Seated in the bar and hunkered behind a bunker of beer bottles, Grant is approached by a fellow lonely-heart named Brenda. Soon thereafter the lovelorn twosome are traipsing and tripping through the woods when Grant stumbles upon a strange, goo-strewn pod. After engaging in some tried and true backwoods science by prodding the pod with a carefully chosen stick, something erupts and shoots from the pod, and appears to enter Grant's body. Confused, but believing he is okay, Grant hurries home to his beloved Starla.
Despite his beliefs, over the next couple of days Grant's appetites continue to grow and expand, and his insatiable voracity begins to emerge in the form of bodily mutations. With small town life suddenly spinning out of control, an unimaginable horror continues to evolve, adding a new link to the food chain, and ensuring that before long hunters will become the hunted, now that humans are on the menu.
Horror-comedies are indeed a tricky lot. The tightrope walk between what is frightful and what is funny often proves too precarious a permutation, sending movies that aim to have audiences scream in terror one minute and shriek with laughter the next, rapidly plummeting in a fiery heap to their blazing box-office deaths. Even so, there are those occasions when the balance between horror and hilarity is just right. This result can be a unique film hybrid that succeeds in evoking two of our most basic human responses, and combining two popular movie genres, that on the surface, seem completely dissimilar.
Certainly, there are plenty of horror movies that briefly utilize humor for comic relief, or at the opposite end, films like Young Frankenstein or the Scary Movie franchise which are strictly comedies spoofing popular horror films. Still, neither of these "types" are horror-comedies in the truest sense. With this in mind however, for the perfect example of a film that truly does fit the bill, one need look no further than James Gunn's monstrously funny fright-film, Slither.
When watching Slither, Gunn's directorial debut, one can sense the pure joy and adoration the director/screenwriter has for horror movies as throughout the film Gunn proudly displays his numerous inspirations like a badge of honor. Whether its David Cronenberg's '70s shockers, Shivers and Rabid, low-budget sci-fi horror like The Deadly Spawn, or Frank Henenlotter's humorous '80s horror hybrids, Slither is a blood-drenched, slime-covered love letter that gives horror film enthusiasts something to celebrate. At the same time, one need not be a "horror buff" to enjoy Slither however, as it is just a fun, highly likeable movie in general, and as such, should prove an entertaining, and possibly disgusting, viewing experience even to audience members unfamiliar with the film's predecessors, or who may miss the various winks and nods.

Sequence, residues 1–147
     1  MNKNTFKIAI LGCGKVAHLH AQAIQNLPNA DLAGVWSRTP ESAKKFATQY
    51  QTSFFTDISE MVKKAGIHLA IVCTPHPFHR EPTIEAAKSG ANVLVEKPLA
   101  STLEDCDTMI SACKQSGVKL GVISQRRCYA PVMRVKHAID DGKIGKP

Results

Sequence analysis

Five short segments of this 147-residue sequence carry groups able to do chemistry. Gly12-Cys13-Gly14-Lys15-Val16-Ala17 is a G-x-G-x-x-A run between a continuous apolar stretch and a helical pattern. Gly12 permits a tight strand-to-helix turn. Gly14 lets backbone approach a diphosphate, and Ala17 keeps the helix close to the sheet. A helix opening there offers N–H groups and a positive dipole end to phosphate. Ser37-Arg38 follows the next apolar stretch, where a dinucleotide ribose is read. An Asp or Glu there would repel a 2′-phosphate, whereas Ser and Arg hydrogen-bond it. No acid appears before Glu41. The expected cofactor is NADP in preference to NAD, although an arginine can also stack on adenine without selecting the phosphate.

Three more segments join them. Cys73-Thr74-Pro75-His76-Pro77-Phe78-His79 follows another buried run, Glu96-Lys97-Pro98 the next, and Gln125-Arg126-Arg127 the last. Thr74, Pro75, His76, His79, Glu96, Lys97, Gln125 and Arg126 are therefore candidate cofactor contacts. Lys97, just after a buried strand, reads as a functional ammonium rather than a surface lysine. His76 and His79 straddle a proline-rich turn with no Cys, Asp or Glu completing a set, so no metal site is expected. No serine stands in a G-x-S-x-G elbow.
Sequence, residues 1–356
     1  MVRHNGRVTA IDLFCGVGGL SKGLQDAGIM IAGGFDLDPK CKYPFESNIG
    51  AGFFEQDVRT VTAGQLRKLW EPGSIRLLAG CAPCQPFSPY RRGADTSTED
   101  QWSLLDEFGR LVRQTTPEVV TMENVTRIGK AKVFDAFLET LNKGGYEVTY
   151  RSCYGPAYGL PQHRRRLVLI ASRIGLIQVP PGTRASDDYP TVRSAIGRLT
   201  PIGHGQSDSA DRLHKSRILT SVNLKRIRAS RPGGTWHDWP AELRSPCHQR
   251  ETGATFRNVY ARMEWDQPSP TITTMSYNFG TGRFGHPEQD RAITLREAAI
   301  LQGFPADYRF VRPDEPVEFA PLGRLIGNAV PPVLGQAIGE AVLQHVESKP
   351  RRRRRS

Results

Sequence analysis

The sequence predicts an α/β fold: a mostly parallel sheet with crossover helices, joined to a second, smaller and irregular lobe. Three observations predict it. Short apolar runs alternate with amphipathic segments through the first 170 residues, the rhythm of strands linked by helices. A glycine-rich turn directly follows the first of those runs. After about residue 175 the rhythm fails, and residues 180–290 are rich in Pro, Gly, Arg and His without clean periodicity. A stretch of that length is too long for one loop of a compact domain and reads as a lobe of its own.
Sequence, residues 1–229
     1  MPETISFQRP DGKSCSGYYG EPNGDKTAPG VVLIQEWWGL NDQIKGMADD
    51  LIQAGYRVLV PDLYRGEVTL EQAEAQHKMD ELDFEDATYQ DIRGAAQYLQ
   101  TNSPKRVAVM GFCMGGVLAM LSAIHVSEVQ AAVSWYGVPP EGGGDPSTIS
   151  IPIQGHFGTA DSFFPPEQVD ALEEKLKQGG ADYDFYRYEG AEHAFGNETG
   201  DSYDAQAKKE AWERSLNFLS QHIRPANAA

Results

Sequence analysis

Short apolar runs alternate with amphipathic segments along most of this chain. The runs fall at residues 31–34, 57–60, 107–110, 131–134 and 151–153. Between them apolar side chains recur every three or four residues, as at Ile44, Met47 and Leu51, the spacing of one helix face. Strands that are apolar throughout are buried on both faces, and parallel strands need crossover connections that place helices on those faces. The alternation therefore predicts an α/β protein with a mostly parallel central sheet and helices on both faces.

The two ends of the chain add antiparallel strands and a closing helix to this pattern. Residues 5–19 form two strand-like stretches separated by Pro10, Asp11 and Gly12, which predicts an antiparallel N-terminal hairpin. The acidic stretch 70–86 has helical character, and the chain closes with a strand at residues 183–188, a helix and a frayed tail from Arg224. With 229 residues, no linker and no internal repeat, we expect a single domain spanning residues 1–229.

Although Slither's basic story cannot be lauded for being innovative, necessarily, it is really quite clear that this was not one of Gunn's concerns, nor apparently, an aspiration. Rather, he has managed, quite handily, to rejuvenate some rather worn-out horror movie concepts and conventions with an abundance of wit, humor - and yes - originality. For this reason Slither never feels stale, or like the slimy "creatures featured" in the film, sluggish. This is of course a breath of fresh air in a genre that, truth be told, has begun to feel as imaginatively stagnant as someone who uses phrases like, "a breath of fresh air."
In his director's chair debut, James Gunn does an exceptional job bringing his ideas to life onscreen. Visually, the film is not overly extravagant but nor is it boring, and the somewhat restrained, deceptively simple approach benefits the film overall. The special effects are a successfully effective melding of the traditional variety with state of the art CG, and what may have perhaps looked like cheesy, hackneyed hokum in another film, actually works quite wonderfully here.
The cast does a very fine job in Slither, and the major characters that populate the film, while not profound or multilayered (which they need not be), are really nicely written. Despite numerous recent examples, and plenty of opinions to the contrary, Slither also proves that characters in horror films, even if they are simple, can be likeable. Unlike their multi-tentacled, slime-coated, blood-quaffing counterparts, the main human characters that the audience is supposed to relate to, or at the very least get behind in Slither, are engaging, oft-times funny, in some cases moderately intelligent, and for all of these reasons, decidedly human and easy to root for. Thankfully Slither also employs the classic monster movie tradition (think of the well-known Frankenstein monster for an example) wherein those aspects of the creature that are identifiably human still manage to emerge from beneath all of the deformities and ugliness, thus making the "monster" a somewhat sympathetic and ultimately tragic figure.
Apart from perhaps a couple of very brief lulls in Slither, the film is without any major problems. In all it is simply a very lively, highly-entertaining, tightly-scripted, out-and-out funny horror movie that should have some audience members squirming in their seats. Fans of recent horror-comedies like Dead & Breakfast, or Bubba Ho-tep should also have a lot of fun with Slither - a movie that is truly the best laugh-filled fright film since Shaun of the Dead and a gruesome gut-buster bound to become a horror-comedy classic. Now don't let my slutty quote whoring hinder you - just get to the theater and have yourself a bloody good time!
Originally published at Horrorview.com